Last Updated on September 17, 2011
UPDATE: Since conference realignment news and analysis is outdated within hours of putting it up, this post is certainly outdated. However, since it continues to get hits, I wanted to link over to my current thoughts: click here.
I’ve spent the last 24 hours moving teams around on a spreadsheet trying to make four 16-team super conferences for football. There are a lot of things you have to take into consideration when making such a list: geography, academics, culture, history, rivalries, and television market. Each addition must give the conference a compelling reason why they should divide their revenue pie into smaller slices.
To make such a list, you have to first decide what will prompt the much speculate move to four 16-team super conferences. I think it will happen because Texas decides to become an independent or because another team, like Texas A&M, leaves the Big 12. Either way, the Big 12 will crumble and other conferences will feast on what’s left.
It’s my belief that the end of the Big 12 signals the end of the Big East. The SEC, Big Ten and Pac-12 will gobble up the best teams from the Big 12 quickly. The ACC will struggle to keep up. Most of the conferences will have to look outside the Big 12 to get to 16 teams, so they’ll pick apart the next weakest conference, the Big East. However, I don’t believe the SEC, Big Ten, Pac-12 or ACC will raid one another.
In the end, I decided there won’t be four 16-team super conferences. There will be two with 16 teams and two with 14 teams. The leftovers will either form their own league or look to other conferences like the Mountain West. Regardless of which of those scenarios happen, I’m not sure if they’d make the cut as BCS automatic-qualifiers.
I’ll give you my chart and then my reasoning:
|Auburn||Michigan State||Arizona State||Clemson|
|Georgia||Michigan||USC||North Carolina State|
|Arkansas||Ohio State||UCLA||Georgia Tech|
|Mississippi State||Penn State||Arizona||Duke|
|LSU||Iowa||Oregon State||Boston College|
|Tennessee||Wisconsin||Washington State||Florida State|
|Missouri||Syracuse||Texas Tech||West Virginia|
I started with the belief that Texas, BYU and Notre Dame will remain independent. Next, I decided Texas A&M would be the first acquisition. Texas A&M fans are already lobbying for a move to the SEC. With them I think you get Oklahoma and Oklahoma State. That leaves the SEC with one slot to fill, and I think they fill it with Missouri, who the Big Ten already snubbed.
The Big Ten is left with nowhere to go but the Big East to grab schools that make sense to them both in terms of being worthy of splitting the pie with and fitting in academically and culturally. By adding Rutgers, Syracuse and UCONN, the Big Ten essentially creates a triangle around the NYC market. They add Kansas to even out their numbers with a school that’s academically palatable.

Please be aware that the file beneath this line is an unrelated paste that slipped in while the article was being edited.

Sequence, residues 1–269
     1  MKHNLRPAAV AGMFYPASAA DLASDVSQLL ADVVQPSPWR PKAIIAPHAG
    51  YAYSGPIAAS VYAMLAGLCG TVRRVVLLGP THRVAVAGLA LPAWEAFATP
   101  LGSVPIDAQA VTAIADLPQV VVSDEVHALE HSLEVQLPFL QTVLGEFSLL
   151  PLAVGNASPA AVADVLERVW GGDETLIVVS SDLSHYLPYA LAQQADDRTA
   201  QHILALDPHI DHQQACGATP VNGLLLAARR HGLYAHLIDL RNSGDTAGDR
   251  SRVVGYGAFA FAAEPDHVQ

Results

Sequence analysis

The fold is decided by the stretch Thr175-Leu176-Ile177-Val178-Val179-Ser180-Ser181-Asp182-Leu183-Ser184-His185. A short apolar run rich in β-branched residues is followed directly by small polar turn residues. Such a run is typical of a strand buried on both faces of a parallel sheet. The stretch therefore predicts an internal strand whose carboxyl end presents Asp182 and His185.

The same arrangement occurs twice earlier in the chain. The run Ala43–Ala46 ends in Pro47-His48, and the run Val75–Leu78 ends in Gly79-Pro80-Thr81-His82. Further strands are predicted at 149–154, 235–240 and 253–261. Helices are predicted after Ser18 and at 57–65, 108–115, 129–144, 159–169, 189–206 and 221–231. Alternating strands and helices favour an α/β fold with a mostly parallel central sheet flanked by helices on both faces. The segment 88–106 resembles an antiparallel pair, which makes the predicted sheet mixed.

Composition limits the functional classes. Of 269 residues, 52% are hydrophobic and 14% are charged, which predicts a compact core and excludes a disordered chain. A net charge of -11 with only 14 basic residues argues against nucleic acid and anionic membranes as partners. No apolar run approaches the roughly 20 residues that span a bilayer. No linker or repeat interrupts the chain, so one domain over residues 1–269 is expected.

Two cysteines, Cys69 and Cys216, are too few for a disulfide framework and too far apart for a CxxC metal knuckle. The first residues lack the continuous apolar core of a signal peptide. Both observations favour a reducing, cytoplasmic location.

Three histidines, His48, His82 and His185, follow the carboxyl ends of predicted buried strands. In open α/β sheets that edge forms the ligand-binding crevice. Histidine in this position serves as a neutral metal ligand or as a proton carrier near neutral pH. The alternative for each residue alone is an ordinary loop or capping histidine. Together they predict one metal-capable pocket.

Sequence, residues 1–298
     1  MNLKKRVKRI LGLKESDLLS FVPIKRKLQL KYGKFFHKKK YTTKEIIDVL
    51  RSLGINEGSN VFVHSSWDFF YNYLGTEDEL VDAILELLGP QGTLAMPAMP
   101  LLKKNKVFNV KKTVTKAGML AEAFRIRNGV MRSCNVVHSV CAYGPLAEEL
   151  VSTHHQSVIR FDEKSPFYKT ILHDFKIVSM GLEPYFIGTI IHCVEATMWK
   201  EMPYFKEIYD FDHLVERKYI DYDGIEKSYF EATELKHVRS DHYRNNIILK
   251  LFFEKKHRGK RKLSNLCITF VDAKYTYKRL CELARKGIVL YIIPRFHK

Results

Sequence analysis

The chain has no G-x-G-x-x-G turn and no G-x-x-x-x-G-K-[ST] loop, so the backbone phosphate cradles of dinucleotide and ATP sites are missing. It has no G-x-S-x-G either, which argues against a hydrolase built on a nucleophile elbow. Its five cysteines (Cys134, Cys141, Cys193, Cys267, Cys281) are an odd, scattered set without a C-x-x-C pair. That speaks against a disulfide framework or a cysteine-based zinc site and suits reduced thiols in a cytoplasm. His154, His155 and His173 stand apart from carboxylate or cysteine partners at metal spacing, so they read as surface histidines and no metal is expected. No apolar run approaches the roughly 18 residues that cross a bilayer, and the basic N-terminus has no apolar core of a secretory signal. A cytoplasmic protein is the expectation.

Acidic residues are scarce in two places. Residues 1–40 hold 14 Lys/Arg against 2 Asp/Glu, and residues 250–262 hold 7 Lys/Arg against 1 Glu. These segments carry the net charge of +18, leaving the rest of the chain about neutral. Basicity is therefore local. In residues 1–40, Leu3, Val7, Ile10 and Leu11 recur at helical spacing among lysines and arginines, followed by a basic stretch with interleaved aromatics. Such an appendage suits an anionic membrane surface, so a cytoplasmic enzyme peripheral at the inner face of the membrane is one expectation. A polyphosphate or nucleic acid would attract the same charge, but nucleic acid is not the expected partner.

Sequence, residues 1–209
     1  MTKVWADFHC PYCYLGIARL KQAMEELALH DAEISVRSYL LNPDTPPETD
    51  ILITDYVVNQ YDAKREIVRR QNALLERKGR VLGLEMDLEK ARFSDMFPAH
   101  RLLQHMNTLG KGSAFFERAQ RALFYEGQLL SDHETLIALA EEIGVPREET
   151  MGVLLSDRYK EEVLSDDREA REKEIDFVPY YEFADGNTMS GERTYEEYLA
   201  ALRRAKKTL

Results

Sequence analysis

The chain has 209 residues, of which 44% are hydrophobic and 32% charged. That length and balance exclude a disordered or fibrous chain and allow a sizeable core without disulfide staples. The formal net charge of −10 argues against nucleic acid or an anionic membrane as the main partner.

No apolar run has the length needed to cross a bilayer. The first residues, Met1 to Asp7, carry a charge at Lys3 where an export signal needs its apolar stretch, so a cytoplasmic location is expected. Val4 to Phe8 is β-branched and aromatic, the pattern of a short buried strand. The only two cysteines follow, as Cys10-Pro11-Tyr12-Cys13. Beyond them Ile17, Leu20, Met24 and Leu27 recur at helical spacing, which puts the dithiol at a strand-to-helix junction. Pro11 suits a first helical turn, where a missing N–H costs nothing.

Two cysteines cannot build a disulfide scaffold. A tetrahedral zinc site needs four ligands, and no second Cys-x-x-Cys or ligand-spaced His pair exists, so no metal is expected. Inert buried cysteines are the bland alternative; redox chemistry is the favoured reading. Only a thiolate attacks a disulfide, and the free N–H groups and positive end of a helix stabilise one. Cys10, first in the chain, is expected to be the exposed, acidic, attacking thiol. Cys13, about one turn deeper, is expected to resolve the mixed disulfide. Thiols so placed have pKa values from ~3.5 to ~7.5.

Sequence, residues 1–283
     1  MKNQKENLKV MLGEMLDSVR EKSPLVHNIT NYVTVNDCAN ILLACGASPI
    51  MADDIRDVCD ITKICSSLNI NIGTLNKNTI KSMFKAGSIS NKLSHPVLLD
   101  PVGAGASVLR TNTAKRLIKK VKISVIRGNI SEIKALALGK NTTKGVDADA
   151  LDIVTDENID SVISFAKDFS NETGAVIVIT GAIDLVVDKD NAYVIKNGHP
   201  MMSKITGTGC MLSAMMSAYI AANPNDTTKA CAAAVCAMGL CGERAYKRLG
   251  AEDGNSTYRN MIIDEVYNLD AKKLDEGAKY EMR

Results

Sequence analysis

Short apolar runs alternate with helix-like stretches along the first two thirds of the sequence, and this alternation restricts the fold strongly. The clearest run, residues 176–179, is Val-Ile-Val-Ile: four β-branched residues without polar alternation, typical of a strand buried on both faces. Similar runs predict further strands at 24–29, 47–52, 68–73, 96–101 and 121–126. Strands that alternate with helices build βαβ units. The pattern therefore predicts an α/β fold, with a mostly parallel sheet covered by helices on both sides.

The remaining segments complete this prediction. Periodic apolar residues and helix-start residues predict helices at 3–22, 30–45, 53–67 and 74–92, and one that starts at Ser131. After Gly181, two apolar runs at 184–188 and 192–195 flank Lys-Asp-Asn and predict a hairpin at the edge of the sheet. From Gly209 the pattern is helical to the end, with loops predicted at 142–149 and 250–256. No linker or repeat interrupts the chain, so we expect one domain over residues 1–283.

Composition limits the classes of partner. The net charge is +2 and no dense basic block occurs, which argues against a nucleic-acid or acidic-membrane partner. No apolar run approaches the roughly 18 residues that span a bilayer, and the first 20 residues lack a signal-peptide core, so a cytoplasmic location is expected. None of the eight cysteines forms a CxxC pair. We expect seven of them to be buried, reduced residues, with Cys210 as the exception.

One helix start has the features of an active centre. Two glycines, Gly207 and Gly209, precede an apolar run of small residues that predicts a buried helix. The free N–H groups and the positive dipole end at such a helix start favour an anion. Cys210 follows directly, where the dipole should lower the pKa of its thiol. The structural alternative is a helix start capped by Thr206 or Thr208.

After much debate, I decided it doesn’t make sense for the Pac-12 or ACC to go to 16 teams. They’ll each only add two. The Pac-12 will add TCU and Texas Tech to get into the Texas market, both for media penetration and to get the conference into Texas for recruiting. There are no other schools it makes sense for them to add. Remember, anyone they add will have to bring enough to the table to make it worth splitting the pie into smaller pieces. I stand by my statements yesterday that Boise State doesn’t offer enough. They don’t offer a large media market or fertile recruiting ground. It doesn’t matter how many times Boise State has been on ESPN (the WAC’s tv contract was with ESPN, so of course ESPN put Boise State on tv). That doesn’t put money in the Pac-12’s collective pockets. ESPN is already going to air Pac-12 games every week because of their television contract with the conference. Does the Pac-12 care which of its two teams ESPN features on Saturday night? Nope. They still receive the same amount. Adding Boise State is unlikely to bring in enough additional money from a new television contract to merit splitting the entire revenue pie into smaller slices. USC is always going to have an audience, regardless of whether they’re having a winning season, because they’re a national brand with a history. Boise State cannot say the same.
The ACC will make additions in an attempt to stay relevant with the other three conferences, but because of their strict academic standards it’ll be tough. They’ll add Pitt because it makes sense geographically and academically and brings a solid media market. Then they’ll be forced to add one more school to round out at 14 schools. West Virginia is the addition, in my opinion, because of the rivalry with Pitt and geographic location. West Virginia doesn’t fit in perfectly in terms of academics or culture, but it’s the best the ACC will be able to do. Other possible targets would have been Louisville and Cincinnati, but the academics at both will keep them out of the ACC. Although Cincinnati would bring a considerable media market, the ACC would never be willing to overlook its academics.
This leaves quite a few teams out in the cold, including teams that are currently in AQ conferences. I believe those teams will either look to conferences like the Mountain West or form their own conference, which may or may not be AQ worthy. Here’s what a new conference could look like with those overlooked and some others from non-AQ conferences:
If you’ve read this site for long, you know I like what Louisville and UCF are doing. Unfortunately, I don’t think they fit into any of the four super conferences. Despite the fact that Louisville has a fabulous basketball program and amazing facilities, that won’t get them into a football super conference. I just don’t think they’re strong enough academically to get an invite from the ACC.
I’d love to see other people’s lists for 16 team super conferences. I think if you sit down and really think through all the factors, you’ll find it difficult to accomplish.